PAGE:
Dozens of faculty, parents, and students at Brooklyn Friends School rallied on Friday morning to demand that administrators stop their union-busting efforts and honor the staff’s calls for collective bargaining, especially amid the COVID-19 pandemic, according to one teacher.
“We need a union in order to hold those in power accountable for listening to our voices, for following just and transparent procedures and including us as equals for decision-making that affects our livelihoods — and at this moment also our lives and our health,” said BFS Union negotiation committee member and teacher Sarah Gordon at the Sept. 4 protest near the school at Willoughby and Pearl streets.
One math teacher of the pricey Quaker school said the union — which consists of educators, cafeteria workers, and maintenance staff — was more essential than ever, as the coronavirus-related budget gaps have already prompted BFS honchos to lay off more than 30 employees.
“Not everyone has a voice, not everyone has the power to have a voice,” said Jonathan Edmonds. “People really feel that their jobs might be on the line if they critique or complain. And so banded together, we are a stronger voice.”
Under the leadership of Crissy Cáceres, the school’s administration filed a petition with the National Labor Relations Board to decertify the union on religious grounds, arguing that collective bargaining violates the school’s “Quaker values” by coming between administrators and staff.
More than 1,000 members of the school community shot back with a letter urging Cáceres to withdraw the petition to dissolve the union, which the staff formed in 2019 with United Auto Workers Local 2110.
One Quaker accused Cáceres, who is not a Quaker, of abusing the religion to quash organized labor.
“It’s not [against Quaker values], it has nothing to do with Quaker values that I believe in,” said Leslie McCarthy, a member of the Brooklyn Meeting of the Religious Society of Friends, the formal name of local Quakers. “If you call yourself a Quaker school you should use the Quaker process. You reach unity before you make a decision, and unity involves everybody involved in the process.”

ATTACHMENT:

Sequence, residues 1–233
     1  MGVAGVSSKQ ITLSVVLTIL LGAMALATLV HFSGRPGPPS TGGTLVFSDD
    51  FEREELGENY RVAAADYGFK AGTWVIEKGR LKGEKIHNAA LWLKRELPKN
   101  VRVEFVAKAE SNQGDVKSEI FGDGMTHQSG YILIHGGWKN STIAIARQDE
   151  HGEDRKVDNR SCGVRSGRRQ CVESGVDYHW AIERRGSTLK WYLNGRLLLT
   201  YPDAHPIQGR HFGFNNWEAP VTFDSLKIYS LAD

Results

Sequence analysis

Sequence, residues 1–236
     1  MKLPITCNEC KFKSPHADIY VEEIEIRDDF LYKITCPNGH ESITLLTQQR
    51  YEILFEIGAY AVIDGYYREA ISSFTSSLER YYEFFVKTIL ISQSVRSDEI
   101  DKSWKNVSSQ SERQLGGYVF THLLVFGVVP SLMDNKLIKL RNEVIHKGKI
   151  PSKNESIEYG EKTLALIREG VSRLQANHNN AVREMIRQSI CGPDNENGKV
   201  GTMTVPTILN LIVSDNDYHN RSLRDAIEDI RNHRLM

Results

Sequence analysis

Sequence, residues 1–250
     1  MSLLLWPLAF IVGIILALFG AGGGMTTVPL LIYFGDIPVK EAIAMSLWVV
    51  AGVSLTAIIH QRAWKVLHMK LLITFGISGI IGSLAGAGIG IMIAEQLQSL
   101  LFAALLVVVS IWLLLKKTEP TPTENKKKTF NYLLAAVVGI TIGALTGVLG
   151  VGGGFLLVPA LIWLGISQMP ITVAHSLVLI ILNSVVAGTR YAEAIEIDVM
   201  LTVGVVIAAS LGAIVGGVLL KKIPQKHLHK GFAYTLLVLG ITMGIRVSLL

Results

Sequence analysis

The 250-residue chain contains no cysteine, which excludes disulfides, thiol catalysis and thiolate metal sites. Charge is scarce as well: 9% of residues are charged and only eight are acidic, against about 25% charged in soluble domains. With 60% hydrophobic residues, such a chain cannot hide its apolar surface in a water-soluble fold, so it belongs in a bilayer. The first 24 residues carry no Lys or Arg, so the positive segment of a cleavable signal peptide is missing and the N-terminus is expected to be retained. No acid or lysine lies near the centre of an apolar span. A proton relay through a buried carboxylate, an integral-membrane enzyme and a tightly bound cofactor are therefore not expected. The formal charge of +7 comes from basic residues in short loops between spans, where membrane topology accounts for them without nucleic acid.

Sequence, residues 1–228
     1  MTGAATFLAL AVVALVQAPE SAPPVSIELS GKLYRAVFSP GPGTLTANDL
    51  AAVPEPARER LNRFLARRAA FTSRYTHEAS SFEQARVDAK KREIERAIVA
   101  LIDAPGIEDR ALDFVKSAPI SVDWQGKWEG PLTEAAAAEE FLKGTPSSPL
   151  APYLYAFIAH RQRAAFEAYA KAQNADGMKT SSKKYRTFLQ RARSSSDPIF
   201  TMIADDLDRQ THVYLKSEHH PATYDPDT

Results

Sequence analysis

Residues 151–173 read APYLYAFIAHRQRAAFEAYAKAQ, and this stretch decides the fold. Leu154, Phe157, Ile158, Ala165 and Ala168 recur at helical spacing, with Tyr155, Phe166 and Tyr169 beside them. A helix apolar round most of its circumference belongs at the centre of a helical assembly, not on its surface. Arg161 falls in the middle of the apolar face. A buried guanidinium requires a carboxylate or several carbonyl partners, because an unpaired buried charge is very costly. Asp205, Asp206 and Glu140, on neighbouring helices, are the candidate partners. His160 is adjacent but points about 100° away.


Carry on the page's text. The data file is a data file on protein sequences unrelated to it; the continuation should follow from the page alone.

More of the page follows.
Following the news coverage, Jason Novak, the Head of Lower School, allegedly doubled down against the union at a Sept. 2 school meeting when he asked the organizing leaders to “question their racism” for standing up against Cáceres, a woman of color, according to one teacher.
“The logic here goes like this: Ms. Cáceres is a woman of color, therefore she should be allowed to be a dictator and mistreat her employees, many of whom are people of color, and all of whom make less money and have less power than she does,” said Fadwa Abbas, an English teacher, who is Black. “As a woman of color, I’m ashamed that you have chosen to reinforce the very hierarchy that you claim at the pulpit every single day, that you seek to dismantle — it’s pathetic.”
One 10th-grader echoed protester demands, and said the school should respect its educators, whose work is both important and increasingly difficult as the school prepares to reopen amid the pandemic.
“I think it’s wrong. Our teachers work hard for us every day, and they’re some of the most essential workers there will ever be, and so you need to treat teachers with the utmost respect. The fact this administration isn’t doing that is messed up,” said Anaïs Irizarry.
Spokesman for the school, Dan Altano, declined to comment on Novak’s alleged remarks on racism, but sent the following joint statement by the Head of School and Board of Trustees in response to Friday’s rally:
“Our Board of Trustees and School leadership genuinely value and respect that there is a diversity of perspectives at this moment and that the opportunity to express those is foundational to our community. It was only after many days of collective and individual seeking and care that we came to unity on this decision with integrity and with the utmost respect and appreciation for our students, families, and colleagues, knowing that the response from the community would be strong.”